Tiles, Lighting, and Art
Hey folks! Hope everyone had a good weekend. I sort of violated one of my rules this weekend and did some work in my brief free time. I had a real hankering to work on some pixel art spaceship stuff, so I couldn't help myself.
Up until now, I've been using a hacked-together, green ship layout tileset I made many years ago. It was a 10x10 grid tileset I bumped up to 32x32 crudely. Neither the art style nor the quality were my goal, so I set about working on some bespoke 32x32 tiles for this prototype.
Here's a shot of what I came up with:
Now there's a lot going on in this pic, so let me break things down.
First, the new artwork. I drew some new tiles which combine a white exterior cladding with rust-colored girders/structure and blue-tinted interior walls. The floor is also a rust-colored grating. I think it's a big improvement over the old tiles, for sure, but still pretty basic. Even so, it's a step in the right direction, and more importantly, has revealed some new questions I need to answer about the game. But let's put a pin in that for a moment.
The second thing you'll notice is that there's a big white line down the center. This is where the image is split between a flat "diffuse map" renderer and a "lightmap" renderer. (A crude lightmap, but bear with me.)
"Diffuse map" just means the tiles are drawn without any shading. The input images are drawn on-screen as they appear in the files. This is on the left.
"Lightmap" means the tiles are tinted according to nearby lights. Some tiles can block light (such as walls) while others don't (like floors). This is the right side.
Now, this may not be the best map layout to illustrate, but it's what I screengrabbed, so we'll work with it. Notice that the left side is the same brightness everywhere, and doesn't look too bad. The right side, on the other hand, has variable brightness, including a completely dark room. You can also see how the lights affect nearby walls and floors, with the tiles getting darker as distance from light increases.
Here's where the question comes in. Notice how the lights inside the ship are illuminating the outside cladding of the ship? It's also happening on interior walls, but the walls are darker so it's hard to tell.
This is due to the way I've drawn the tiles. In this tileset, a single tile can "straddle" up to three materials. E.g. an outside wall has 1/3 cladding, 1/3 rust-colored structure, and 1/3 interior blue wall. However, the lighting engine doesn't know that. It just sees a single tile, and lights the whole thing.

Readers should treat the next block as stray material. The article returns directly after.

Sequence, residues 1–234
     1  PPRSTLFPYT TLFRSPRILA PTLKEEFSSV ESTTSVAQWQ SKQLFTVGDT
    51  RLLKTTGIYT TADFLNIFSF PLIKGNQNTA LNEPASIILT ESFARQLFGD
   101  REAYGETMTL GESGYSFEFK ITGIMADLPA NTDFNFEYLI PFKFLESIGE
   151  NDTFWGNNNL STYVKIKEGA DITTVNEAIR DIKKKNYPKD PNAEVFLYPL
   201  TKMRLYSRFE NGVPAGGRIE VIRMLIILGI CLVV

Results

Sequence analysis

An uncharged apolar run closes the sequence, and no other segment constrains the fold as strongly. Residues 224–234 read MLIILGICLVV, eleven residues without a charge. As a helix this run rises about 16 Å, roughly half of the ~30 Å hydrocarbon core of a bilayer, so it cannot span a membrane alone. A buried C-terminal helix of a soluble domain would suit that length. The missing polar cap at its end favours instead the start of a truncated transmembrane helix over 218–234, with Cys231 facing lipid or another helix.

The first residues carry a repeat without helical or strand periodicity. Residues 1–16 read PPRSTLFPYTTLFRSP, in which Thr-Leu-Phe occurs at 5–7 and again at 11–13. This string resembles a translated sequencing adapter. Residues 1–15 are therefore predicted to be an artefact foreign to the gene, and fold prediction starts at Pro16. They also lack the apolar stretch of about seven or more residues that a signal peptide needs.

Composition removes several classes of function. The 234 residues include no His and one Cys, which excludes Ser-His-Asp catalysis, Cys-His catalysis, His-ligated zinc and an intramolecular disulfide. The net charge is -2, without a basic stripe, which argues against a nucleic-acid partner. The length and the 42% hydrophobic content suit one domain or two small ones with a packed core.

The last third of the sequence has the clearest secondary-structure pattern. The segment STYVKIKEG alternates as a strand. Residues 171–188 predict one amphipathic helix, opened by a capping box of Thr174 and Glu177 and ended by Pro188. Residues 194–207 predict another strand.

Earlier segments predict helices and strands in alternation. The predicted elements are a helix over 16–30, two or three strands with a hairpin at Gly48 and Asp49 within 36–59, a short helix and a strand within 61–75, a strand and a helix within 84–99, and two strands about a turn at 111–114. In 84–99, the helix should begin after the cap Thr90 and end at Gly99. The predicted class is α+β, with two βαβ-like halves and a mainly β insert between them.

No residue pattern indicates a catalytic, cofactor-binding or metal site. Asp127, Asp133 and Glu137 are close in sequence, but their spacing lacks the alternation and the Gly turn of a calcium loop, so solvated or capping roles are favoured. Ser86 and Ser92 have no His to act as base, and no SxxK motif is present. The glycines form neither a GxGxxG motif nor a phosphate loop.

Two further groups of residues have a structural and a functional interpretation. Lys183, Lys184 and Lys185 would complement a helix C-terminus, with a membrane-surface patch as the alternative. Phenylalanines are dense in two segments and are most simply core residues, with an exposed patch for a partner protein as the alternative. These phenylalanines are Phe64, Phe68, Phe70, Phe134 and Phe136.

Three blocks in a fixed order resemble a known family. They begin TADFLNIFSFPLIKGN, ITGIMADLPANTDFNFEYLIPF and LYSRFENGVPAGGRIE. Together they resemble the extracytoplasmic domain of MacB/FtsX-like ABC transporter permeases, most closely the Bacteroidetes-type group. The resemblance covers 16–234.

So my next experiment was going to be creating a tileset where each tile is a single material. One whole tile for cladding, one for structure, and one for interior wall. In theory, this would mean exterior cladding (and even the rust-colored structure) would remain unlit in such a tileset, and the lights would only affect interior walls. It would also mean that interior dividing walls could be lit separately from either side.
However, the trouble I'm running into is that 32x32 tiles look way too "thick" for each of those materials. In order to have a double interior wall (like we see between two adjoining rooms above), that'd be 64 pixels thick. And with humans only 32 pixels wide, that's one heck of a thick wall :)
(I can sort of bypass this problem on the outside cladding since only one side of it needs to connect to structure. The other is exposed to empty space, so I could make them less than 32 pixels thick, if desired.)
Now, one's first instinct might be to "just make humans bigger than 32 pixels" and/or make the tiles smaller than 32 pixels. However, then we start to run into another problem: the game gets a bit weird when the human size doesn't match the tile size. Humans start clipping through walls when they walk around. E.g. they'll see that a 16x16 tile is walkable, and move into it, but they'll overlap into the adjoining wall tile without triggering any problems in the pathfinding code.
It's probably solvable, but it breaks with Flixel's standard pathfinding algorithm. So I'll need to write my own code atop it if I want to do that. Not sure if it's worth it. (Then again, I'm already writing my own stuff for the lighting, so maybe...)
Anyway, food for thought. It was a welcome break from boring UI and data-parsing work, though :)